2.2. Control Population
One hundred healthy individuals older than 18 years were included. None had a previous history of a cardiocerebrovascular disease or bleeding disorder. All controls received uncoated aspirin (100 mg/day) for one week, and an optical platelet aggregation test was performed before and after aspirin intake.
2.3. Optical Platelet Aggregation
The evaluation of platelet aggregation was performed using an optical aggregometer (AggRAM, Helena Laboratories, Texas, USA), using fresh citrated blood. Platelet-rich plasma was obtained by centrifugation of the citrated blood at 190 g for 5 min. The platelet count was adjusted to 200,000 to 300,000 platelets/mm3. Platelet-rich plasma (250 μl) was deposited in each equipment channel, and the activators adenosine diphosphate, epinephrine, collagen, and arachidonic acid were used according to the manufacturer’s instructions.
AR was defined as with arachidonic acid and ≥70% with adenosine diphosphate .
2.4. Statistical Analysis
The statistical analysis was performed using a proportion comparison and the Mann-Whitney Test for compared qualitative variables or quantitative variables, respectively. Differences were considered significant when . All statistical tests were performed using GraphPad Software, version 8.0 (La Jolla, CA, USA).
A total of 450 individuals compromised the total population studied; 350 patients who had had a previous stroke were in the patient group, and 100 subjects were included in the control group. The patient group had a mean age of 65.6 years and was equally distributed in terms of gender; the control group was predominantly female (74%) with a mean age of 60.8 years. The control group had no history of cardiocerebrovascular events and was considered healthy given the low frequency or absence of cardiovascular risk factors. The demographic and clinical characteristics of both groups are shown in Table 1.
AR was found in 26 patients (7.4%) and 4 controls (4%) (). All of the subjects with AR defined as optic with arachidonic acid and >70% with adenosine diphosphate had optic with both collagen and epinephrine except for three patients. All patients with aspirin resistance had higher platelet aggregation with all the stimuli tested (, data not shown) compared with aspirin sensitive patients.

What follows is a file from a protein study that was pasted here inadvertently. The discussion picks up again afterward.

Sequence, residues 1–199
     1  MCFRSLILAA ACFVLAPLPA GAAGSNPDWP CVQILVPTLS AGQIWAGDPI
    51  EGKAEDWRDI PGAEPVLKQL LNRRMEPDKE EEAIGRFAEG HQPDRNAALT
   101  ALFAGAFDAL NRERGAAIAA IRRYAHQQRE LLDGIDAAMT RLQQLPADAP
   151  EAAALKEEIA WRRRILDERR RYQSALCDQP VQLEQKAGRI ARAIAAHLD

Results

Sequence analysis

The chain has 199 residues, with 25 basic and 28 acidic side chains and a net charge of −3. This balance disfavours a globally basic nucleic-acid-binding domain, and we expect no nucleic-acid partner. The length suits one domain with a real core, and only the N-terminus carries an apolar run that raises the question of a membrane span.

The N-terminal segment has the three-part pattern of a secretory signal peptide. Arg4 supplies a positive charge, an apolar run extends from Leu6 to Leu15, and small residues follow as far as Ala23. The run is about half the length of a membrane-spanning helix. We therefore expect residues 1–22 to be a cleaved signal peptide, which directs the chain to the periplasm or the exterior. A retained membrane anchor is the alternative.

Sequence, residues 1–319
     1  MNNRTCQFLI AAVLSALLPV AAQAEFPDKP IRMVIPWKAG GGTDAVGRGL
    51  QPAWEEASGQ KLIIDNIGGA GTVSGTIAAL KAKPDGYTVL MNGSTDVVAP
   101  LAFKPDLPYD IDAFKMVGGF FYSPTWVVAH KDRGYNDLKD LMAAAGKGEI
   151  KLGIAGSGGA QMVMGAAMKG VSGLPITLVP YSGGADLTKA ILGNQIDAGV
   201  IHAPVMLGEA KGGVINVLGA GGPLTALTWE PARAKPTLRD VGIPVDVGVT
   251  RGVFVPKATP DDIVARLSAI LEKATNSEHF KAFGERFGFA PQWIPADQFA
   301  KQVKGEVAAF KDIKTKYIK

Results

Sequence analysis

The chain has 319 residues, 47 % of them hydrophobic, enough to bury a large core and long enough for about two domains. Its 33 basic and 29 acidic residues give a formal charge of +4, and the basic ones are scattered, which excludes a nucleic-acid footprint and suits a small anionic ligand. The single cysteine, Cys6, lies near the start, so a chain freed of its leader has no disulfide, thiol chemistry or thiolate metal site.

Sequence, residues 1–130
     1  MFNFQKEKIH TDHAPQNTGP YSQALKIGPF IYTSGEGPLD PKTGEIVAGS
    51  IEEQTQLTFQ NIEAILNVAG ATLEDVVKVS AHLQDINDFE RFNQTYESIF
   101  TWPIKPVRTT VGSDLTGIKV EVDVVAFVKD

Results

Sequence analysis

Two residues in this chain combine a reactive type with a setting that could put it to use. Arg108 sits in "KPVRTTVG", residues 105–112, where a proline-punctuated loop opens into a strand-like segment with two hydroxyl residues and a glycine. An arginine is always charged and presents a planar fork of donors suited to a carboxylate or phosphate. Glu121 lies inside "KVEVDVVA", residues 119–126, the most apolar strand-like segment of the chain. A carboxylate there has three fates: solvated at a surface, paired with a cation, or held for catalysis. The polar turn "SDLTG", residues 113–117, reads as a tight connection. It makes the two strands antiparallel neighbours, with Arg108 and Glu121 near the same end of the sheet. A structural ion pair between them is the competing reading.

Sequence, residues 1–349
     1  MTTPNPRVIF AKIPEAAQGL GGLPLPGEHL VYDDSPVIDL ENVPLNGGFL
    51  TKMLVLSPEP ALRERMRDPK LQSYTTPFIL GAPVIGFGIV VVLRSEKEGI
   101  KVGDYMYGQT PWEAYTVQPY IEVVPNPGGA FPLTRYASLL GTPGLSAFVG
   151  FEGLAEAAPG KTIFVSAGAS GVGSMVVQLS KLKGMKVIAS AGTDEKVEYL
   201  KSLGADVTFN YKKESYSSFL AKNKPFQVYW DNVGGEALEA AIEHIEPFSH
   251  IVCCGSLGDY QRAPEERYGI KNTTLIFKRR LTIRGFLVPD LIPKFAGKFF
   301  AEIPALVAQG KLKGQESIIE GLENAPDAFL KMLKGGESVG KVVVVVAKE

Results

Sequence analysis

AR was not associated with clinical risk factors of stroke. However, 46.2% of AR patients had a history of a prior stroke recurrence, with 21.3% of patients who responded to aspirin () (Table 2).
Although no differences were found in terms of risk factors in recurrent stroke patients, a high prevalence of risk factors in this population, mainly hypertension, was found.
The most frequently used antiplatelet therapy is aspirin, which is associated with risk factor control as the first option for secondary prophylaxis of cerebrovascular disease. However, some patients develop recurrent strokes, and AR has been postulated as an essential contributor to this therapeutic failure. Several studies support this phenomenon in patients with cardiovascular disease [23–26] and stroke [8, 10, 27–30]. The prevalence of AR is variable in these studies, but the different evaluation methods and definition criteria for AR and differences in the population studied limit the possibility of grouped analysis and reliable conclusions. The prevalence of AR in our study (7.4%) by optical platelet aggregometry is comparable to the AR published in other populations (5% to 24%) [31–33].